World leaders queued up to issue solemn tributes to the 95-year-old anti-apartheid hero who became South Africa's first democratic president.
"He no longer belongs to us; he belongs to the ages," Barack Obama, America's first black president, said in a deliberate echo of an early tribute paid to Abraham Lincoln, the president who emancipated the slaves.
In a rare tribute for a foreigner, Obama ordered US flags at the White House and other public buildings flown at half-mast until Monday.
Over and over, leaders returned to the dignity Mandela displayed during his long imprisonment by South Africa's former racist regime and then later, when he led his country to majority rule.
United Nations Secretary General Ban Ki-moon declared Mandela a "giant for justice."
"Many around the world were influenced by his selfless struggle for human dignity, equality and freedom. He touched our lives in deeply personal ways," he said.
Britain's Queen Elizabeth II sent her personal condolences to Mandela's family, saying she "remembers with great warmth" her meetings with a man who "worked tirelessly for the good of his country."
Prime Minister David Cameron, who in 2006 apologised for what he said were the "mistakes" of his Conservative Party in its response to apartheid in Britain's former colony, said: "A great light has gone out in the world."
French Prime Minister Jean-Marc Ayrault, in China on an official visit, said Mandela would "long be an inspiration to all of humanity" as his government also ordered flags to fly at half-mast.
India's Prime Minister Manmohan Singh hailed the anti-apartheid icon as a "true Gandhian" who would continue to inspire future generations after his death, while Nigeria's President Goodluck Jonathan dubbed Mandela "one of mankind's greatest liberators."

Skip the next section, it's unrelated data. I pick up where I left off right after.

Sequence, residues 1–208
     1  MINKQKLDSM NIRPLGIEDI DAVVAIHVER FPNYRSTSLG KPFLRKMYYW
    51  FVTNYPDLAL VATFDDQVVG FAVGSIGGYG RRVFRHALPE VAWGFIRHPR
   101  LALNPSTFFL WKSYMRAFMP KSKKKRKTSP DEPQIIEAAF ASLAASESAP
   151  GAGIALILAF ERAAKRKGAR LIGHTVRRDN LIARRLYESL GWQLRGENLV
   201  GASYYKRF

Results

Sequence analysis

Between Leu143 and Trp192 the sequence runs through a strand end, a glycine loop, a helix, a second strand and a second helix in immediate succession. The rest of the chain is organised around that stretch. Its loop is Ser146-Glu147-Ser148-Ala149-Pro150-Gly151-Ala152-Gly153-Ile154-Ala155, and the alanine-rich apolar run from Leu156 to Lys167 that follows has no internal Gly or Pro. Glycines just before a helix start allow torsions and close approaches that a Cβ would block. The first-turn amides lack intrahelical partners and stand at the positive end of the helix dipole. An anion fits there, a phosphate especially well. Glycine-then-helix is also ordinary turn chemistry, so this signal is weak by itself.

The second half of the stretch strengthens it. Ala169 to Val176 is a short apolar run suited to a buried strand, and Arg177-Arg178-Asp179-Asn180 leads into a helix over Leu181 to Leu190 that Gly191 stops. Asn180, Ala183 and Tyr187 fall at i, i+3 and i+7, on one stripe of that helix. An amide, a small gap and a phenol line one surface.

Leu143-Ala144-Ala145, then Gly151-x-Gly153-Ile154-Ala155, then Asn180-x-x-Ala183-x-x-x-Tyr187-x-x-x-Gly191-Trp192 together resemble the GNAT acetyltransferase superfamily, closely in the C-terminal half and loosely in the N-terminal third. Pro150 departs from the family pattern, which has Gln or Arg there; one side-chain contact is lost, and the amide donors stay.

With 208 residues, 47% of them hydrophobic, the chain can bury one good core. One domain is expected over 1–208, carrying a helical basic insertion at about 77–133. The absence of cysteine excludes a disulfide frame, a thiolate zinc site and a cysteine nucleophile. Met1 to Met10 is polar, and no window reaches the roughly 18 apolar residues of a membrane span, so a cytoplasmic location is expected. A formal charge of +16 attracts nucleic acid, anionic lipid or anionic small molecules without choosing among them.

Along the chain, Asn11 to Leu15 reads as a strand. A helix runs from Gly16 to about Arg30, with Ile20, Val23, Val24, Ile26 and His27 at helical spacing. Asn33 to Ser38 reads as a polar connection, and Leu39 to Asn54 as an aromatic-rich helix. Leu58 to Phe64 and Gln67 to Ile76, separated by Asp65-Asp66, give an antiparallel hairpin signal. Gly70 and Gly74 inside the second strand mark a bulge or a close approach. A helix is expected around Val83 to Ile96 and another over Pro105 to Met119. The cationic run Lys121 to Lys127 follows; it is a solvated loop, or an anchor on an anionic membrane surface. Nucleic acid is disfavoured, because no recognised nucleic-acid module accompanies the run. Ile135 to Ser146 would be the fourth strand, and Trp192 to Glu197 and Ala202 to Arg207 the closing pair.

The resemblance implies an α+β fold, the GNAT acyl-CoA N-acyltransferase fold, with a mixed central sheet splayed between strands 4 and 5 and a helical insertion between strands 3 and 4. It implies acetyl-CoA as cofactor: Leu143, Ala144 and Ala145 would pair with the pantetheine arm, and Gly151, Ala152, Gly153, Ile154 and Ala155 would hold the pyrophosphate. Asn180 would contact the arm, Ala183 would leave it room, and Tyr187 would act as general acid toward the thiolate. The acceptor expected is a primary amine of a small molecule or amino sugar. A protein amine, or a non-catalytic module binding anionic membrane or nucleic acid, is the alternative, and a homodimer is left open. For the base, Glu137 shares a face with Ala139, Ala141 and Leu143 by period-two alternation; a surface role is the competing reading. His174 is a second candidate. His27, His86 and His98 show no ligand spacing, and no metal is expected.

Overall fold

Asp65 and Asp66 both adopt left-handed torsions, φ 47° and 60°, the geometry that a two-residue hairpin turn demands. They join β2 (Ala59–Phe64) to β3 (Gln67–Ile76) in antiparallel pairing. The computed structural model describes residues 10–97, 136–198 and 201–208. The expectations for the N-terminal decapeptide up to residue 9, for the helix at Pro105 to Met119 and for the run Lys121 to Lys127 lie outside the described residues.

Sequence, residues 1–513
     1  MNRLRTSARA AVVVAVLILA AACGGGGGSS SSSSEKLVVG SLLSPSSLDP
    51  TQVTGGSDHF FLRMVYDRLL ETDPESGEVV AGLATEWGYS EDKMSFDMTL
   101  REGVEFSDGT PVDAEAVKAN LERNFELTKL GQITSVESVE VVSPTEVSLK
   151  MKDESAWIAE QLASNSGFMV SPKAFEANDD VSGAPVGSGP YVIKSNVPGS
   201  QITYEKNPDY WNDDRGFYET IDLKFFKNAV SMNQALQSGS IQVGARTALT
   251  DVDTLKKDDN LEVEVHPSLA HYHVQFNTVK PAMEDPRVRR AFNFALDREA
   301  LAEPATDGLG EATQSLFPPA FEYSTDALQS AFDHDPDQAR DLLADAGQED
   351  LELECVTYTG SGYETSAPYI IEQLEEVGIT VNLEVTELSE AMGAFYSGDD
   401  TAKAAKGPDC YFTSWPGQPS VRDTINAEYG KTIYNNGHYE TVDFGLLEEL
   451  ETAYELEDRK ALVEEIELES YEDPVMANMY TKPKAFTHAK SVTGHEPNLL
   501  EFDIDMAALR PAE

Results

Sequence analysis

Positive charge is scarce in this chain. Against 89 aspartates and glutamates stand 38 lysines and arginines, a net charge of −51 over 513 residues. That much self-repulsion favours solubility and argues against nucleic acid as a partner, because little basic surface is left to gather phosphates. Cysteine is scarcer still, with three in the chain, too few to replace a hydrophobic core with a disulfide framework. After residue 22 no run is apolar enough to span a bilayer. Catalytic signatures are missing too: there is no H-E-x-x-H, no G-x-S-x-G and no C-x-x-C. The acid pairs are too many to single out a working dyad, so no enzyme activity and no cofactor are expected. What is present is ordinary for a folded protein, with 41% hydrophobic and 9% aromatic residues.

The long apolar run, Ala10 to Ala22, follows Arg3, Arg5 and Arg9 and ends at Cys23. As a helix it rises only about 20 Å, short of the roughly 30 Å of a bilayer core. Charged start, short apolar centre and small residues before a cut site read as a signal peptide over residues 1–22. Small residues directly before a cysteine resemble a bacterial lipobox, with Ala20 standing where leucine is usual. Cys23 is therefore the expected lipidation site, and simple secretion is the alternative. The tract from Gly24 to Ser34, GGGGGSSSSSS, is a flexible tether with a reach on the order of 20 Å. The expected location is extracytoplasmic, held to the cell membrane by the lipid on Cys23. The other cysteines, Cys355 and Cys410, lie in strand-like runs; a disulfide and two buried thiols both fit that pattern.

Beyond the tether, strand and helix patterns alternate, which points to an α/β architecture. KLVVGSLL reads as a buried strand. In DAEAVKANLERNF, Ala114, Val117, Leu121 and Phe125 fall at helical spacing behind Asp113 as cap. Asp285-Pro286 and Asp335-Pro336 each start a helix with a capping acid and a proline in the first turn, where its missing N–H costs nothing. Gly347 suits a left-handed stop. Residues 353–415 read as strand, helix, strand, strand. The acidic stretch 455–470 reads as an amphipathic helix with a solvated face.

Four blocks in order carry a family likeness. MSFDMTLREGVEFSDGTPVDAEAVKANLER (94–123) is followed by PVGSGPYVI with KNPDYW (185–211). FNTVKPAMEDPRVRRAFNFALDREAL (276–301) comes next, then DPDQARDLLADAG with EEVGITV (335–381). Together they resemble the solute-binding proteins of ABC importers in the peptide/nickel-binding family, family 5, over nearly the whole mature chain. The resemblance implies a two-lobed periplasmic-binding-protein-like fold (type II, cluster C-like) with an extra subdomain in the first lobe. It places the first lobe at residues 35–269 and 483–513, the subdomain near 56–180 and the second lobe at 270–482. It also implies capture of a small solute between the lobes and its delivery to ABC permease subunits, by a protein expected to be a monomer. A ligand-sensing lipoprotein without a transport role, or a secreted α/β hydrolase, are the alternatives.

The Indian government announced a five-day state mourning as a mark of respect to Mandela.
A decision to this effect was taken at a special meeting of the Union Cabinet, which condoled the death of the anti-apartheid icon. "Mandela was the tallest leader of not only his generation but possibly this entire paradigm. The role that he personally played in dismantling the apartheid is something exemplary," information and broadcasting minister Manish Tewari said after the meeting.
Russian President Vladimir Putin recognised Mandela as "one of the greatest politicians in modern times" and a man who never betrayed his convictions.
And Israel's leaders recognised him as a champion of peace despite his tireless advocacy of the Palestinian cause.
Retired political figures who remembered Mandela during his 27 years of imprisonment or worked with him after his 1990 release were also effusive.
Former US president Bill Clinton tweeted a picture of himself with his "friend," and said: "Today the world has lost one of its most important leaders and one of its finest human beings."
"Over the past 24 years Madiba taught us how to come together and to believe in ourselves and each other. He was a unifier from the moment he walked out of prison," said Archbishop Desmond Tutu.
In his home country, most newspapers published their headlines in black, in a reflection of the deep sense of loss brought by the death of "Madiba", a father figure to millions of South Africans.
"The World Weeps," said the national daily The Star.